A nice morning for a bird survey

This morning I got up early a bank holiday Monday to do my first of two dawn visits to my Breeding Bird Survey grid square. It was a sunny and cool spring morning as I set out, having let out our neighbour’s chickens for the day (more of that in my next post).

As mentioned in my previous post, my new survey location is in and around the village of Clipston, just a 15-minute drive from home. I’m glad it is only that distance away as I realised that I had left the survey forms behind as I arrived at the car park. Half an hour later I was setting off on the survey having been home and back again. Setting off across the playing fields, it was a quiet start but bird numbers soon picked up as I entered the sheep fields and made my way up the hill above the village. Still relatively early in the season, there weren’t too many spring migrants to be seen and it was only after I had finished the survey that I saw a swallow, my second of the year.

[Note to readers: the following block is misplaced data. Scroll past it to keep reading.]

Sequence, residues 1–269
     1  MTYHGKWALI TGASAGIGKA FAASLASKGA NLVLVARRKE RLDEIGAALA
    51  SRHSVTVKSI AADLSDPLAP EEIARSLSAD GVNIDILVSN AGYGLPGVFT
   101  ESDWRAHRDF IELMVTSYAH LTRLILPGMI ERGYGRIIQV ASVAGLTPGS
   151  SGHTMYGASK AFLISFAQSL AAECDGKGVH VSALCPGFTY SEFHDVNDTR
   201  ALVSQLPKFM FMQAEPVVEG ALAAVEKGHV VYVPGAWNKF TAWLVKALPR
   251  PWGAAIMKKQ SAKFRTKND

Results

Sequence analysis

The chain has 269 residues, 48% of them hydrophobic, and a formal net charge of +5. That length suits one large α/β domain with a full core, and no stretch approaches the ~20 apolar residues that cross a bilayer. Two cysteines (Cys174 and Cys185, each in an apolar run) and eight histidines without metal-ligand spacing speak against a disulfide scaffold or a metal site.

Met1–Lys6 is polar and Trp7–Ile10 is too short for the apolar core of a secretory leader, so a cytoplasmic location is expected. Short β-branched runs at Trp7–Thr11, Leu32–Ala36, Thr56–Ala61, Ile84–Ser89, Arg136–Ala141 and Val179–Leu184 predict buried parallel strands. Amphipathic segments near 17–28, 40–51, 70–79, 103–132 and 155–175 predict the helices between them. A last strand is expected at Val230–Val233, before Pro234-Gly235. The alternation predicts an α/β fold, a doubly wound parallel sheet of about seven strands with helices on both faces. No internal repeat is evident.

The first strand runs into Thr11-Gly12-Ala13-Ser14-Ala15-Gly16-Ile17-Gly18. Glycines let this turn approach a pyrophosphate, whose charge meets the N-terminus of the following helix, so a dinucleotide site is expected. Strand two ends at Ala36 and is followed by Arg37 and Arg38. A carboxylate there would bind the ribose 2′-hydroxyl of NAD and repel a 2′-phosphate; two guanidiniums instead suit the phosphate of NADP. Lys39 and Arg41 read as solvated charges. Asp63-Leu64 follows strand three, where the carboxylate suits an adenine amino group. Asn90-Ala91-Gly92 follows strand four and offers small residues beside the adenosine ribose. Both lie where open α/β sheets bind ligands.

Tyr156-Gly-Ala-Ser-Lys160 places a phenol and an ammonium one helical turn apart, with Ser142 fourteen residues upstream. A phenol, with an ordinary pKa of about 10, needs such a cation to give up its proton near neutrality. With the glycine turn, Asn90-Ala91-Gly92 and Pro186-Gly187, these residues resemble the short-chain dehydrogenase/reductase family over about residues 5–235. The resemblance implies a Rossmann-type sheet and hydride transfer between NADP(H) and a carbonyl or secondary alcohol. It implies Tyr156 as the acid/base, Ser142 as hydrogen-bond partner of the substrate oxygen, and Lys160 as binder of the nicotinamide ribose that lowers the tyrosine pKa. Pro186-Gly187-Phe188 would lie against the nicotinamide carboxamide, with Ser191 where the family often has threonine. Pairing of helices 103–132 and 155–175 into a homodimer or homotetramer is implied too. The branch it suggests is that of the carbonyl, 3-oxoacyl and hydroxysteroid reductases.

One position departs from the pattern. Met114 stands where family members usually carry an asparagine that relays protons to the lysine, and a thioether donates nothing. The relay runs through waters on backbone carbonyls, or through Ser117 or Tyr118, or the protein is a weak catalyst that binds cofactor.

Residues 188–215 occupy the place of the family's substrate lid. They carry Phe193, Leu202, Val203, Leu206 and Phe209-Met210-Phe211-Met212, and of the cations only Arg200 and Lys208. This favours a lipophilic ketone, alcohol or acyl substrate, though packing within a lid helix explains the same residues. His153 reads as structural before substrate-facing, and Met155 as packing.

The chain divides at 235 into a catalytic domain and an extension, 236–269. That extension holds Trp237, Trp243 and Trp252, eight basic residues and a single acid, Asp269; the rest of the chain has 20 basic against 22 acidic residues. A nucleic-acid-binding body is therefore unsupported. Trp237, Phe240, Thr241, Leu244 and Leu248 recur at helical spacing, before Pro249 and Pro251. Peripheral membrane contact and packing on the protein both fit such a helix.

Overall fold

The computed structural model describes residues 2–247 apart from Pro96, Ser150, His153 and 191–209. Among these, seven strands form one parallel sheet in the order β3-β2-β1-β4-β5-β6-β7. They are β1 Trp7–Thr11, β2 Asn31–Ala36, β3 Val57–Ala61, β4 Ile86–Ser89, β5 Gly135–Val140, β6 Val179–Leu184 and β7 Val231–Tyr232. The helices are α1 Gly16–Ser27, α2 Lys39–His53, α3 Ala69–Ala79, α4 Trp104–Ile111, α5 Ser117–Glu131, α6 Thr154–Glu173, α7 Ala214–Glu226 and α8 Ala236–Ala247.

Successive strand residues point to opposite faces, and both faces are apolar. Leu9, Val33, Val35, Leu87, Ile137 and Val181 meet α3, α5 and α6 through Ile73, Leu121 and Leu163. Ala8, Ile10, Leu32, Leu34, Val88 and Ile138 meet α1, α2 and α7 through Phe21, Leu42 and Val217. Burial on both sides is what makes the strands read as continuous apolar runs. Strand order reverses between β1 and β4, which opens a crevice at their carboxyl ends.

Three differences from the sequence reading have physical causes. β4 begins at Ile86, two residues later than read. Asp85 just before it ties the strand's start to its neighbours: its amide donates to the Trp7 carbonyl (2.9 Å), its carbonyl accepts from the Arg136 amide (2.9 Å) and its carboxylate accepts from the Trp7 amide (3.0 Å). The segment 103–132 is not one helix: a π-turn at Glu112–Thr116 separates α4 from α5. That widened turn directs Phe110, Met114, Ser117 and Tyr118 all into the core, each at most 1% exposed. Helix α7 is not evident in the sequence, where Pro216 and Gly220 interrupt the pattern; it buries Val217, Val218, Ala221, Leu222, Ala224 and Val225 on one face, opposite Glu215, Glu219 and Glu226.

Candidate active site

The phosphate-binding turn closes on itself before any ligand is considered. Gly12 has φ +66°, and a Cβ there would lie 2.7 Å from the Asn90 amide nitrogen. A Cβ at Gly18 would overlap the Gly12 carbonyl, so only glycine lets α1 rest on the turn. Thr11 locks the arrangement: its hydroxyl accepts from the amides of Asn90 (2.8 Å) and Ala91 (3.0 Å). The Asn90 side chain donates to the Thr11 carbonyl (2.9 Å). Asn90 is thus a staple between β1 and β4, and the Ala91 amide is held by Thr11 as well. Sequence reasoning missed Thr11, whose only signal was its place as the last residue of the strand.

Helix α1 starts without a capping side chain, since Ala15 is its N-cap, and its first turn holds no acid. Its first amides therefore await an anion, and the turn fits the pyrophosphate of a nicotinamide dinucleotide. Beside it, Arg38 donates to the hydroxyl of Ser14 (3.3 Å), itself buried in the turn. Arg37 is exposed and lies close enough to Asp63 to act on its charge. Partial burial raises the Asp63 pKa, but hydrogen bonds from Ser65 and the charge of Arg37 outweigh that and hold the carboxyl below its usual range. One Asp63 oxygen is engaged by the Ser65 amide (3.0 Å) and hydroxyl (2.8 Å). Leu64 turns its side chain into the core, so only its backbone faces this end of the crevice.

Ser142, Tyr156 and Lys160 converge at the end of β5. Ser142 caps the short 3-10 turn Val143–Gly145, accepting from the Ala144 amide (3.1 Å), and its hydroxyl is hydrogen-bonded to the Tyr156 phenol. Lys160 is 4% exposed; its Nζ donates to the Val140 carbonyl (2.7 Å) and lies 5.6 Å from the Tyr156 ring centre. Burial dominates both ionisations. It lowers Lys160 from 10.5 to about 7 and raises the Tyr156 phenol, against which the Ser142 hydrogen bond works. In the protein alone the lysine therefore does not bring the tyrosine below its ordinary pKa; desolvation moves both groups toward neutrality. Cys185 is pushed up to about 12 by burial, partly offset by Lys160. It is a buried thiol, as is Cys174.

The first 1km transect finishes in a wide open sheep pasture and I then had to head down towards the hill and into lower fields to start the second transect. This one is a bit more mixed with sheep fields mixed in with the urban fabric of the village itself, including the church yard and then out into more sheep fields. The central sections in the village were pretty hectic with birds on all sides of me but the survey became easier, from a counting perspective, once I was back in the fields. However, my task in the last section of the survey was made impossible by a field full of ewes and lambs. I tried to stick to the footpath but the sheep surrounded me, both young and old, making a racket and making it pretty clear I wasn’t welcome. So I had to make a retreat and finish the survey before I could walk the last 100m or so.

Overall, the birds found at the site were those I would expect to see and hear in the countryside and villages around here but, hopefully, the second visit will provide a few more including a wider range of spring migrants. I’m also hoping the sheep and been moved on to another field by then!

A new Breeding Bird Survey site

After moving house last year I had to give up my old Breeding Bird Survey (BBS) grid square in Cheshire but finally I have got a new one and yesterday I did a recce.